Loraine KennedyThe Politics of Economic Restructuring in India: Economic Governance and State Spatial Rescaling

November 26, 2014

[Cross-posted from New Books in South Asian Studies] Loraine Kennedy‘s The Politics of Economic Restructuring in India: Economic Governance and State Spatial Rescaling (Routledge, 2014) is a timely and important intervention into the debate on how economic liberalisation is transforming the Indian state. The book’s central argument is that these reforms have ‘rescaled’ the Indian state, with important consequences [...]

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Roundup on U.S. Immigration

November 24, 2014

With immigration in the news, it is worth revisiting some of the best New Books in Political Science podcasts on the subject for 2014. At the start of the summer, Benjamin Marquez brought to the podcast Democratizing Texas Politics: Race, Identity, and Mexican American Empowerment, 1945-2002 (University of Texas Press 2014). Democratizing Texas Politics covers [...]

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Candis Watts SmithBlack Mosaic: The Politics of Black Pan-Ethnic Diversity

November 18, 2014

Candis Watts Smith is the author of Black Mosaic: The Politics of Black Pan-Ethnic Diversity (NYU Press, 2014). Watts Smith is assistant professor of political science at Williams College. How do Black immigrants in the US view their racial and ethnic identities? Do they identify with being Black, African American, or something else? Like Christina [...]

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Dan SlaterOrdering Power: Contentious Politics and Authoritarian Leviathans in Southeast Asia

November 14, 2014

[Cross-posted from New Books in Southeast Asian Studies] Few books on Southeast Asia cover as much geographic, historical and theoretical ground as Dan Slater’s Ordering Power: Contentious Politics and Authoritarian Leviathans in Southeast Asia (Cambridge University Press, 2010). Working across seven case studies, the book argues that existing theories of institutionalization don’t account for regional variation in regime type. [...]

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Mike O’ConnorA Commercial Republic: America’s Enduring Debate over Democratic Capitalism

November 10, 2014

Mike O’Connor is the author of A Commercial Republic: America’s Enduring Debate over Democratic Capitalism (University Press of Kansas 2014). He has also published articles in Contemporary Pragmatism and The Sixties. O’Connor teaches at Georgia State University in Atlanta, and holds a Ph.D. in American studies from the University of Texas at Austin. He was [...]

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Alon PeledTraversing Digital Babel: Information, E-Government, and Exchange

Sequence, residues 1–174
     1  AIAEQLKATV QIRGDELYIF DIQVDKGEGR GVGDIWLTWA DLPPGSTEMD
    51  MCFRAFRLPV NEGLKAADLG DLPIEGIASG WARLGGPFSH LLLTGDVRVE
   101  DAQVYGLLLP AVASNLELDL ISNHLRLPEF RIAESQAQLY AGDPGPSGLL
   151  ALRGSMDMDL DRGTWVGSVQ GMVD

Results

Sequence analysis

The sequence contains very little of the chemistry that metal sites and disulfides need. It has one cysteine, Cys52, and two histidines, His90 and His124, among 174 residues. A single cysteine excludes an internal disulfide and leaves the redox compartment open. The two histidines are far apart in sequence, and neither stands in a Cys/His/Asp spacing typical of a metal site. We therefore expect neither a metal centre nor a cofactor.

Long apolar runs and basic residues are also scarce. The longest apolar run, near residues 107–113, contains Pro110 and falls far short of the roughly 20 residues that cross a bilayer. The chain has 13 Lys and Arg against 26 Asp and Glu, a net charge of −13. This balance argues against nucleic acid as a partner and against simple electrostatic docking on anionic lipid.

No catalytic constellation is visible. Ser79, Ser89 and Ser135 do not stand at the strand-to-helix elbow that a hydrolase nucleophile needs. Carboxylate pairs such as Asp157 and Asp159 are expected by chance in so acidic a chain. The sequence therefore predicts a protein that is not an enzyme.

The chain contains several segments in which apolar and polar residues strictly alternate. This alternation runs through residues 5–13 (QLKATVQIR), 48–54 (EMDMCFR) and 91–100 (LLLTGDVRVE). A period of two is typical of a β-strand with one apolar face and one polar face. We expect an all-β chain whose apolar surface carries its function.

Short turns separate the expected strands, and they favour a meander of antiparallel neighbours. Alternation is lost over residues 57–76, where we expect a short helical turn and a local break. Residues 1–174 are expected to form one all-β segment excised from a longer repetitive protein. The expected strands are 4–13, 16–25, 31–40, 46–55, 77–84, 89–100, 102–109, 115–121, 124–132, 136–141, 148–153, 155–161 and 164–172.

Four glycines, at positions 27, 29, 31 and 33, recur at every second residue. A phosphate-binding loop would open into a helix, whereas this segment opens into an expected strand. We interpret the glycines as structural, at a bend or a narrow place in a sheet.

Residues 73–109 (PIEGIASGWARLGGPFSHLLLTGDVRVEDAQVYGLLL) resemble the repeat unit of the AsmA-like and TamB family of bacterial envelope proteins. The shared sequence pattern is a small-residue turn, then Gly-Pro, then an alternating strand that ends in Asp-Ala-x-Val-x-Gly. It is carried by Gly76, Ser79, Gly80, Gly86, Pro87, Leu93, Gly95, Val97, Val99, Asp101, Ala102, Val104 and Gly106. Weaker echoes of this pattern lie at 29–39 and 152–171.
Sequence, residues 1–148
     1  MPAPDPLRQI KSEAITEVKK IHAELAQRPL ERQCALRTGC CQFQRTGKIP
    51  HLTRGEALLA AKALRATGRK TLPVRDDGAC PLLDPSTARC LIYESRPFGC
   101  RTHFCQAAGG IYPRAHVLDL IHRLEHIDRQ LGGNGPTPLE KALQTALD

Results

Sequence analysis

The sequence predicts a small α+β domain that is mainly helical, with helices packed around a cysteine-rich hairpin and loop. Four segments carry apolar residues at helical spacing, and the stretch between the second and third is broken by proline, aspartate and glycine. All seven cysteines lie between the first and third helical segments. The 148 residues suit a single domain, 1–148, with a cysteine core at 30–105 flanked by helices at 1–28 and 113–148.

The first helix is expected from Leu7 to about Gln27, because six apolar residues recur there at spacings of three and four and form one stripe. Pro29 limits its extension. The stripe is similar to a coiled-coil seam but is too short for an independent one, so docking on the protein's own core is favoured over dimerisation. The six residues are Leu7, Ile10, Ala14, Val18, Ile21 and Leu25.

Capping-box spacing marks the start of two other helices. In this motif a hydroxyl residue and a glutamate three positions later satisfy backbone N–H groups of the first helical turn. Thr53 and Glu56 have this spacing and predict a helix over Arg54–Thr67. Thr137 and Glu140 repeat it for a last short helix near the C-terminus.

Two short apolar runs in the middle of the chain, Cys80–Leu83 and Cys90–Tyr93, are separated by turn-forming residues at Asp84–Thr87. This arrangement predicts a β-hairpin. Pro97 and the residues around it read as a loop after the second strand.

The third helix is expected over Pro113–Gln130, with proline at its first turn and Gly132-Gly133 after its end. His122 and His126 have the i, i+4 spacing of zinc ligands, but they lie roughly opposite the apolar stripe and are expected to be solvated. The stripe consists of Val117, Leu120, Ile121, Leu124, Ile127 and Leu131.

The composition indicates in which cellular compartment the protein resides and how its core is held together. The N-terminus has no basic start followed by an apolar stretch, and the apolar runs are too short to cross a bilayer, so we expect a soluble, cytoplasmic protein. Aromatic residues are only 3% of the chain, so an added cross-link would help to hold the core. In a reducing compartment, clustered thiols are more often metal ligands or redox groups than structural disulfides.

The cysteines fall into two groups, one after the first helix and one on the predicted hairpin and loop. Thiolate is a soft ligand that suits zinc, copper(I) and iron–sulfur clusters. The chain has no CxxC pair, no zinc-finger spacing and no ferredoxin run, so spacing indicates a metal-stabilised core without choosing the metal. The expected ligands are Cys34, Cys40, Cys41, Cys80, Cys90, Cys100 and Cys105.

November 7, 2014

[Cross-posted from New Books in Technology] Failure by government agencies to share information has had disastrous results globally. From the inability to prevent terrorist attacks, like the 9-11 attacks in New York City, Washington D.C., and Pennsylvania, to the ill-equipped and ill-fated responses to disasters like the nuclear meltdown at Fukushima, and Hurricane Katrina, a common denominator [...]

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Brian ArbourCandidate-Centered Campaigns: Political Messages, Winning Personalities, and Personal Appeals

November 3, 2014

As campaign season ends, what can we make of all those ads? Brian Arbour is the author of Candidate-Centered Campaigns: Political Messages, Winning Personalities, and Personal Appeals (Palgrave-MacMillan 2014). Arbour is assistant professor of political science at John Jay College, City University of New York. Why do certain candidates focus on making campaign promises and [...]

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Kirk Randazzo and Richard WatermanChecking the Courts: Law, Ideology, and Contingent Discretion

October 27, 2014

Kirk Randazzo is the author (with Richard Waterman) of Checking the Courts: Law, Ideology, and Contingent Discretion (SUNY Press 2014). Randazzo is associate professor of political science at the University of South Carolina. He has previously written several books on the courts and foreign policy. How does legislative language affect the courts? Randazzo and Waterman [...]

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Darrell M. WestBillionaires: Reflection on the Upper Crust

October 20, 2014

So how many billionaires are there in the world? And what do they have to do with politics? Darrell  M. West has answered those questions in Billionaires: Reflection on the Upper Crust (Brookings 2014). West is vice president of Governance Studies and director of the Center for Technology Innovation at the Brookings Institution. As an [...]

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Matthew HuberLifeblood: Oil, Freedom, and the Forces of Capital

October 17, 2014

[Cross-posted from New Books in Geography]  Lifeblood: Oil, Freedom, and the Forces of Capital (University of Minnesota Press, 2013) is an incisive look into how oil permeates our lives and helped shape American politics during the twentieth century. Author Matthew Huber shows the crucial role oil and housing policy played in the New Deal and how, in subsequent decades, government [...]

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